Volume 23, Issue 4 (Winter 2018)                   IJPCP 2018, 23(4): 408-423 | Back to browse issues page

XML Persian Abstract Print

Download citation:
BibTeX | RIS | EndNote | Medlars | ProCite | Reference Manager | RefWorks
Send citation to:

Ranjbari T, Karimi J, Mohammadi A, Norouzi M R. An Evaluation of the Contributions of the Triple Vulnerability Model to the Prediction of Emotional Disorders. IJPCP. 2018; 23 (4) :408-423
URL: http://ijpcp.iums.ac.ir/article-1-2577-en.html
1- Department of Psychology, Faculty of Psychology and Education, University of Tehran, Tehran, Iran
2- Department of Psychology, Faculty of Literature and Humanities, Malayer University, Malayer, Iran , E-mail: dr.karimi10@yahoo.com
3- Department of Psychiatry, Roozbeh Hospital, Tehran University of Medical Sciences, Tehran, Iran
4- Department of Psychology, Faculty of Education and Psychology, University of Tabriz, Tabriz, Iran
Abstract:   (3739 Views)
Objectives The triple vulnerability model includes three types of vulnerability in terms of emotional disorders: general biological vulnerability, general psychological vulnerability, and disorder-specific psychological vulnerability. Since previous studies have mostly addressed only one of these components, this study was conducted to examine all the three components of the triple vulnerability model at the same time in patients suffering from emotional disorders and normal people.
Methods Using a causal-comparative design, 20 patients with obsessive-compulsive disorder, 20 patients with major depressive disorder, and 20 patients with generalized anxiety disorder were compared with 20 normal people (control group). The data were collected from March to June 2015. The patients and control group were selected through convenience sampling from the people attending private psychotherapy clinics in the city of Urmia and the normal people living in Urmia, respectively. The patients and control groups were matched with each other with regard to some demographic variables. A multivariate analysis of variance (MANOVA) was conducted to determine the differences between the patients and the control group.
Results Patients suffering from generalized anxiety disorder, obsessive-compulsive disorder, and major depressive disorder were more vulnerable to general biological vulnerability and general psychological vulnerability (P=0.001). With regard to disorder-specific psychological vulnerabilities, a significant difference was found between the patients with generalized anxiety and the control group where patients being more intolerant of uncertainty (P=0.001). We also found that obsessive-compulsive patients had more thought-action fusion and major depressive patients had more dysfunctional attitudes compared with the control group.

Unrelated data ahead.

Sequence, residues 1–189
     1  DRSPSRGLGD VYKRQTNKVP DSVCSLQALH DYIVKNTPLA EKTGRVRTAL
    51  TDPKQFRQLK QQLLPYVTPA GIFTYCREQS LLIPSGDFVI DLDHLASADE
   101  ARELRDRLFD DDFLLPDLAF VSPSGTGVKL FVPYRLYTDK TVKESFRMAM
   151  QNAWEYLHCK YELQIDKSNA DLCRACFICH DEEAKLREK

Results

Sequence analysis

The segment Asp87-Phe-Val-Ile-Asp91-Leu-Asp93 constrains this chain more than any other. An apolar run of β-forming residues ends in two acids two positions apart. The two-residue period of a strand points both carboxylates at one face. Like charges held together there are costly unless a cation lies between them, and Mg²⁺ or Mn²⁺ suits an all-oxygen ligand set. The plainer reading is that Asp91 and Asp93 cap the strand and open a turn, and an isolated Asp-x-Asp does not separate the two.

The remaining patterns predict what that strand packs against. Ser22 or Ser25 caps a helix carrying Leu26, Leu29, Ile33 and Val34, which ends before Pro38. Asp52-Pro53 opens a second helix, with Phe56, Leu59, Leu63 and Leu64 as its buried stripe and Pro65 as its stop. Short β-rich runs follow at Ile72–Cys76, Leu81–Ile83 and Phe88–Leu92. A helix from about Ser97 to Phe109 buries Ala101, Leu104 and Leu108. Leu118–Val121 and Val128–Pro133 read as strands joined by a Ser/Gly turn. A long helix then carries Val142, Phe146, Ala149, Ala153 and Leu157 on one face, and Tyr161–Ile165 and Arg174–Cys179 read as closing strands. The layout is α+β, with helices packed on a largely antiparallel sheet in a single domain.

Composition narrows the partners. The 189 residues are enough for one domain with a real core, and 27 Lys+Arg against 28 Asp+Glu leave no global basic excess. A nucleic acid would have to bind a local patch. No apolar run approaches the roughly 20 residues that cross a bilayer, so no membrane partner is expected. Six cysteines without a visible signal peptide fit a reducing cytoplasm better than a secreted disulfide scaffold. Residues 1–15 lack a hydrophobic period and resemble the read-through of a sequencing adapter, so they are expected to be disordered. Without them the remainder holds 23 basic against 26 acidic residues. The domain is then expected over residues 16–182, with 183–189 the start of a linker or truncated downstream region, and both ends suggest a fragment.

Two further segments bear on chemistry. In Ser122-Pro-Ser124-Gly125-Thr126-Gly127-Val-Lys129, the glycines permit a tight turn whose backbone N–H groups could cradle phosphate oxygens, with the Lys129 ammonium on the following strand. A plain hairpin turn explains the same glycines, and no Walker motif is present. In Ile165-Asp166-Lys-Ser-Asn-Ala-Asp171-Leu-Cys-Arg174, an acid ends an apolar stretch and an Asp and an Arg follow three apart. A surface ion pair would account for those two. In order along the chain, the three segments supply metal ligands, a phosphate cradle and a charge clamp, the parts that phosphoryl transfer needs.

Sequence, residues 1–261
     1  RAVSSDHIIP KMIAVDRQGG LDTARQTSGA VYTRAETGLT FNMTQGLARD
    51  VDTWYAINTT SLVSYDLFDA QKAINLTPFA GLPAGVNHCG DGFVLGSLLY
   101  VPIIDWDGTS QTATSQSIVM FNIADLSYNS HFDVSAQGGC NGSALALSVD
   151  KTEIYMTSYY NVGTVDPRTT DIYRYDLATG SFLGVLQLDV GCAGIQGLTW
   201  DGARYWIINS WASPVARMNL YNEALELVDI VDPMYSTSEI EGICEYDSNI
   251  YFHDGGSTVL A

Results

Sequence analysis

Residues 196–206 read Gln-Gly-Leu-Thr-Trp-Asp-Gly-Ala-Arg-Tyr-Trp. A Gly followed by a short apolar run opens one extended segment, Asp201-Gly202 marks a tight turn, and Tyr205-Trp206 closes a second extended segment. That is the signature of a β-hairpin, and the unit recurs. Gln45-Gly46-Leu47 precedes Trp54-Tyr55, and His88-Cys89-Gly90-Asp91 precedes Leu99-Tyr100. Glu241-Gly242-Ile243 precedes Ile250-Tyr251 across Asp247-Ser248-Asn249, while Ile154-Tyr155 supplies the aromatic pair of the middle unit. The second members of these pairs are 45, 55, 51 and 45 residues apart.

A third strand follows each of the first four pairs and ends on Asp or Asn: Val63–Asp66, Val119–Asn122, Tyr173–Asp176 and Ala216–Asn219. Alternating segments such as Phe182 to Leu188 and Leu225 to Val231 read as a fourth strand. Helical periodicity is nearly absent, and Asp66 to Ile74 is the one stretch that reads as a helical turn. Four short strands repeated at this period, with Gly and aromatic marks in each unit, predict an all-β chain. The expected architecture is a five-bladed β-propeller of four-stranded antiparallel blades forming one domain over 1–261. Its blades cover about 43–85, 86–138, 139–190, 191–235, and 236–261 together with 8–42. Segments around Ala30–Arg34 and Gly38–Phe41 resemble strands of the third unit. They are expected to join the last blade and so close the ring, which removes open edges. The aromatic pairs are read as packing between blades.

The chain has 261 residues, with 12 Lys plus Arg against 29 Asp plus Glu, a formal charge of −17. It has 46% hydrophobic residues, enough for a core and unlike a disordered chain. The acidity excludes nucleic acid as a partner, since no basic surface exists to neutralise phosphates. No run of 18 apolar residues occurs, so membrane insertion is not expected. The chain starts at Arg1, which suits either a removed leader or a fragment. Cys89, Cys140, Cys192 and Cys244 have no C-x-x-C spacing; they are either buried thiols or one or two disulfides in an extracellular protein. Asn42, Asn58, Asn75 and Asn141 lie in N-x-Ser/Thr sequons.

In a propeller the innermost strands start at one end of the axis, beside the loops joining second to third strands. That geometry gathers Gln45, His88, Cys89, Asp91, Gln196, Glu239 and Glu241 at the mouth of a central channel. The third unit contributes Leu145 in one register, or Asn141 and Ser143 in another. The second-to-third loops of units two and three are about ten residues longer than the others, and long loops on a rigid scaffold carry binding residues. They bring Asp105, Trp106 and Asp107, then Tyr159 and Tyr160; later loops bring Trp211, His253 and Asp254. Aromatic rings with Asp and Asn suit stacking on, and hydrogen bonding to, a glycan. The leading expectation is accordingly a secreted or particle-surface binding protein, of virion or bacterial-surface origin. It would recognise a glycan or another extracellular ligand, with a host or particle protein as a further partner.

Conclusion Because of the significant difference between patients with emotional disorders and control group in terms of the dimensions of the triple vulnerability model, it can be argued that this model could be envisaged as comprehensive and suitable etiological and diagnostic criteria for these patients.
Full-Text [PDF 3173 kb]   (1523 Downloads) |   |   Full-Text (HTML)  (2417 Views)  
Type of Study: Original Research | Subject: Psychiatry and Psychology
Received: 2016/09/21 | Accepted: 2017/04/24 | Published: 2018/01/1

1. Kessler RC, Berglund P, Demler O, Jin R, Merikangas KR, Walters EE. Lifetime prevalence and age-of-onset distributions of DSM-IV disorders in the Na-tional Comorbidity Survey Replication. Archives of General Psychiatry. 2005; 62(6):593-602. doi: 10.1001/archpsyc.62.6.593 [DOI:10.1001/archpsyc.62.6.593]
2. Kessler RC, Chiu WT, Demler O, Merikangas KR, Walters EE. Prevalence, severity, and comorbidity of 12-month DSM-IV disorders in the National Comorbidity Survey Replication. Archives of General Psychiatry. 2005; 62(6):617-27. doi: 10.1001/archpsyc.62.6.617 [DOI:10.1001/archpsyc.62.6.617]
3. Kessler RC, Aguilar-Gaxiola S, Alonso J, Chatterji S, Lee S, Ormel J, et al. The global burden of mental disorders: An update from the WHO World Men-tal Health (WMH) surveys. Epidemiologia e Psichiatria Sociale. 2009; 18(1):23-33. doi: 10.1017/s1121189x00001421 [DOI:10.1017/S1121189X00001421]
4. Costa e Silva JA. The public health impact of anxiety disorders: a WHO perspective. Acta Psychiatrica Scandinavica. 1998; 98(s393):2-5. doi: 10.1111/j.1600-0447.1998.tb05959.x [DOI:10.1111/j.1600-0447.1998.tb05959.x]
5. Sadock BJ, Sadock VA. Kaplan and Sadock's synopsis of psychiatry: Behavioral sciences/clinical psychiatry. Philadelphia, Pennsylvania: Lippincott Wil-liams & Wilkins; 2007.
6. Kessler RC, Gruber M, Hettema JM, Hwang I, Sampson N, Yonkers KA. Co-morbid major depression and generalized anxiety disorders in the National Comorbidity Survey follow-up. Psychological Medicine. 2008; 38(3):365-74. doi: 10.1017/s0033291707002012 [DOI:10.1017/S0033291707002012]
7. Mirzadehahari Z, Mohammadi F, Eini zinab H, Khosravi M, mousavi N, Agasi M. [Survey of association between major depression disorder in women and household food insecurity (Prsian)]. Iranian Journal of Nutrition Sciences & Food Technology. 2015; 10(1):9-20.